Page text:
Coronavirus vaccinations are supposed to decrease the likelihood of multiple COVID-19 infections, at least until its effect wears off. However, those who do experience reinfections are at risk of multiple health conditions.
The first case of COVID-19 reinfection was reported in August 2020. A 33-year-old man who was first infected with the coronavirus in late March had contracted the virus again four and a half months later, reported researchers at the University of Hong Kong.
So why are reinfections getting more common? While initial cases of COVID-19 reinfection were largely blamed on testing flaws, cases of people losing their hard-won immunity were increasing. Rapidly evolving viruses capitalized on our quickly waning immunity, and the vaccines couldn’t keep up.
Reinfections become more common the longer the virus sticks around: coronavirus has mutated into less deadly but more contagious variants, often leading to season upticks in cases.
And while most reinfected patients recover quickly, some are having a hard time — being at a greater risk of heart conditions, hospitalization, and death.
We’re hardly as vary of COVID as we were during its initial months. While the infection always carries some risk, seasonal surges caused by new variants aren’t nearly as alarming.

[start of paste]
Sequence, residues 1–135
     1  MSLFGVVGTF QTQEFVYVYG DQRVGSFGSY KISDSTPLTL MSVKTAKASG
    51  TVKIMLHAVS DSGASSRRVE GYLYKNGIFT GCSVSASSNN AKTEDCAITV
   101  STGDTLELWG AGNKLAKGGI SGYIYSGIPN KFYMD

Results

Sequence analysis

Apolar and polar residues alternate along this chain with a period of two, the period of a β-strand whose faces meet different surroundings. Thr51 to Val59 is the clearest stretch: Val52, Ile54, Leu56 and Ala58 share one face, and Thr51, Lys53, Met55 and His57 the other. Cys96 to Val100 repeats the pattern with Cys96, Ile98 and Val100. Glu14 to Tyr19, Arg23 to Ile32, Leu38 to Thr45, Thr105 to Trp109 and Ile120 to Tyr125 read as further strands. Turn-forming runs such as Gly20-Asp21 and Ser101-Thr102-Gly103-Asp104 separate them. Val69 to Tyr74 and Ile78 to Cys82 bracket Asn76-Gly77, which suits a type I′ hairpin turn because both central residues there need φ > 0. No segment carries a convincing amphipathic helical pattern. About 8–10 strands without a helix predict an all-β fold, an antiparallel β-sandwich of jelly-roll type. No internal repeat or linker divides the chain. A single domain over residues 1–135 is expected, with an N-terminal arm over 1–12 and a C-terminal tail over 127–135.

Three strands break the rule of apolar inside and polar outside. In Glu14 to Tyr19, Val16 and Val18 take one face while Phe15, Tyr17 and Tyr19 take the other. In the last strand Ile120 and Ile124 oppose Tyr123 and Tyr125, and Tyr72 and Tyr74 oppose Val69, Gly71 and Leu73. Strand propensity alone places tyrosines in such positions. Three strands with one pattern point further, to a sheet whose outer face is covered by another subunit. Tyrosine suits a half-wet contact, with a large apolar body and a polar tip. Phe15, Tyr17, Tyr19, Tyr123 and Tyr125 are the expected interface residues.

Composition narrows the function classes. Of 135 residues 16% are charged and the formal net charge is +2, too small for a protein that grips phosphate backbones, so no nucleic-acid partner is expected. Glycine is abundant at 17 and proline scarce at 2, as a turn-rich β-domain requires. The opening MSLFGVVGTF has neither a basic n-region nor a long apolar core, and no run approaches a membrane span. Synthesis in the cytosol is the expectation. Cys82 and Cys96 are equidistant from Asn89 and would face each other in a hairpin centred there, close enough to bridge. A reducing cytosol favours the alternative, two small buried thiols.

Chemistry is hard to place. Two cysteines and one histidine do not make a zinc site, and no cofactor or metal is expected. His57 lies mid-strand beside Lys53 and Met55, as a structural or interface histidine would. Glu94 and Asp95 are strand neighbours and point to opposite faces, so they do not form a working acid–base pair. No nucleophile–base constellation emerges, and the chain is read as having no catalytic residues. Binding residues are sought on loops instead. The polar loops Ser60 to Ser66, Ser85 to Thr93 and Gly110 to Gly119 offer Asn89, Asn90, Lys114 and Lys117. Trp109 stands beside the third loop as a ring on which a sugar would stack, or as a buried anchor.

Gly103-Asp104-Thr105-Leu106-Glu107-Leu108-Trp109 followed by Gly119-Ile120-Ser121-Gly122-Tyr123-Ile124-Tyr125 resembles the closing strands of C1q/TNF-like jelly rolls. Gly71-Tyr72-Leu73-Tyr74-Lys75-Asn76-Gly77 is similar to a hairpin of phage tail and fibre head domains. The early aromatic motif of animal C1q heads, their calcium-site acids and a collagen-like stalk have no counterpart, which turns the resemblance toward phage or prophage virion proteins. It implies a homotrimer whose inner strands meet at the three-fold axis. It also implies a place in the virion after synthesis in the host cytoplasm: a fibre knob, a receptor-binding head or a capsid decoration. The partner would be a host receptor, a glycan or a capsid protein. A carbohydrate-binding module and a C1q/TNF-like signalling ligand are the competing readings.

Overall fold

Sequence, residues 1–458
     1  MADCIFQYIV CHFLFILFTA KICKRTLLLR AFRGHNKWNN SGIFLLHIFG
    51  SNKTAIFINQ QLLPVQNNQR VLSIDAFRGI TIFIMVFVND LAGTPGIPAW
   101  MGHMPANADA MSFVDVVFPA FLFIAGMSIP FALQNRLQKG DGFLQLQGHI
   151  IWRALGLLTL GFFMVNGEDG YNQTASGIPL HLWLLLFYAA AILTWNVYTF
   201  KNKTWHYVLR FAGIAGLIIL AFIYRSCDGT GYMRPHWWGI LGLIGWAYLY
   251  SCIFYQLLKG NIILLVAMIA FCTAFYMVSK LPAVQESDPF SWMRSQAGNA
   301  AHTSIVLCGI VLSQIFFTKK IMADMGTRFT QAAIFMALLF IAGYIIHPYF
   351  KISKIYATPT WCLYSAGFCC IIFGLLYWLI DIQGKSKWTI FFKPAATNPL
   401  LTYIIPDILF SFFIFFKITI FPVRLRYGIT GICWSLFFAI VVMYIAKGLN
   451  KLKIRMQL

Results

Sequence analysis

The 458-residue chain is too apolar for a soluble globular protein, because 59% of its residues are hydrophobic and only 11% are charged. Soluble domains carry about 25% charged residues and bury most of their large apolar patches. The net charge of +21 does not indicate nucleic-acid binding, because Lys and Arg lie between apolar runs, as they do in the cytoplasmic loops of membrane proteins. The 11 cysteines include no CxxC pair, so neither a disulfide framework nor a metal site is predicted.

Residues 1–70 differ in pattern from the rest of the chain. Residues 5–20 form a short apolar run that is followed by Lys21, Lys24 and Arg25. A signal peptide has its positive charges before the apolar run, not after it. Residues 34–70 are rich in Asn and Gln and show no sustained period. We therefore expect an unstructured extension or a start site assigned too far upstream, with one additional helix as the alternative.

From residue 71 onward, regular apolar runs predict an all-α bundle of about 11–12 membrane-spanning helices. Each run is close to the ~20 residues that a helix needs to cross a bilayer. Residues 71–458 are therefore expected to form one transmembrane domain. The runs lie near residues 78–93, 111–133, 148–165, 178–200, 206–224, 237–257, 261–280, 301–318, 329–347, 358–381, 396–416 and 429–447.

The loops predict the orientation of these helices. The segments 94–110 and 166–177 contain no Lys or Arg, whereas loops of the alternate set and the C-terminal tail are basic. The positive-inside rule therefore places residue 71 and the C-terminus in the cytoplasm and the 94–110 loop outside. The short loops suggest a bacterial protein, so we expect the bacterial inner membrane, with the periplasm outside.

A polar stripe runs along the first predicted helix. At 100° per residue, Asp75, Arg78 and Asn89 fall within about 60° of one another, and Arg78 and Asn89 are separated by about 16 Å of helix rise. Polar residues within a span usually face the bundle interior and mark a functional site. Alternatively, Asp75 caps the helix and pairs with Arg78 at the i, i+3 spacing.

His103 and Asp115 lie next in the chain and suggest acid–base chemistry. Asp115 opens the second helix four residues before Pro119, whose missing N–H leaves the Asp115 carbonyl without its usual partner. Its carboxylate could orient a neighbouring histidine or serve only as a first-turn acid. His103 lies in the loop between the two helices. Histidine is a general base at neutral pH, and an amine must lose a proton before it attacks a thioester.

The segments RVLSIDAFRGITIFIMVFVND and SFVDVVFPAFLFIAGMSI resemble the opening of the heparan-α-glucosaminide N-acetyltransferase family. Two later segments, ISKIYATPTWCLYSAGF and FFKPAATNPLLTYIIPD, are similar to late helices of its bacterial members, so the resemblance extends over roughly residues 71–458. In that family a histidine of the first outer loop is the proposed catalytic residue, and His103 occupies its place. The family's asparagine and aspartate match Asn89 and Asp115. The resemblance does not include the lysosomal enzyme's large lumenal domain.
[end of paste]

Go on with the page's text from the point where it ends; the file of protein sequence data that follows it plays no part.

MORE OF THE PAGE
Therapeutics have continually evolved to manage severe infections, and the inevitable reinfection isn’t as life-threatening as it once seemed. Science, however, says otherwise.
However, a previous infection did prevent reinfection to some degree. A previous infection could prevent the risk of reinfection by:
People experiencing a repeat infection with the Omicron variant tend to experience upper respiratory symptoms, which are particularly severe in the elderly.
The connection of long COVID with repeat infections is one shrouded in uncertainty. Data shows the risk of developing long COVID to be greater in people who experienced more serious symptoms during the initial infection. The chances of you getting long COVID from reinfection also exist.
Even a single COVID shot is shown to decrease a person‘s risk of developing long-term symptoms, at least to some degree. Moreover, some experts find repeat infections to decrease the risk of long COVID, while other findings were contradictory.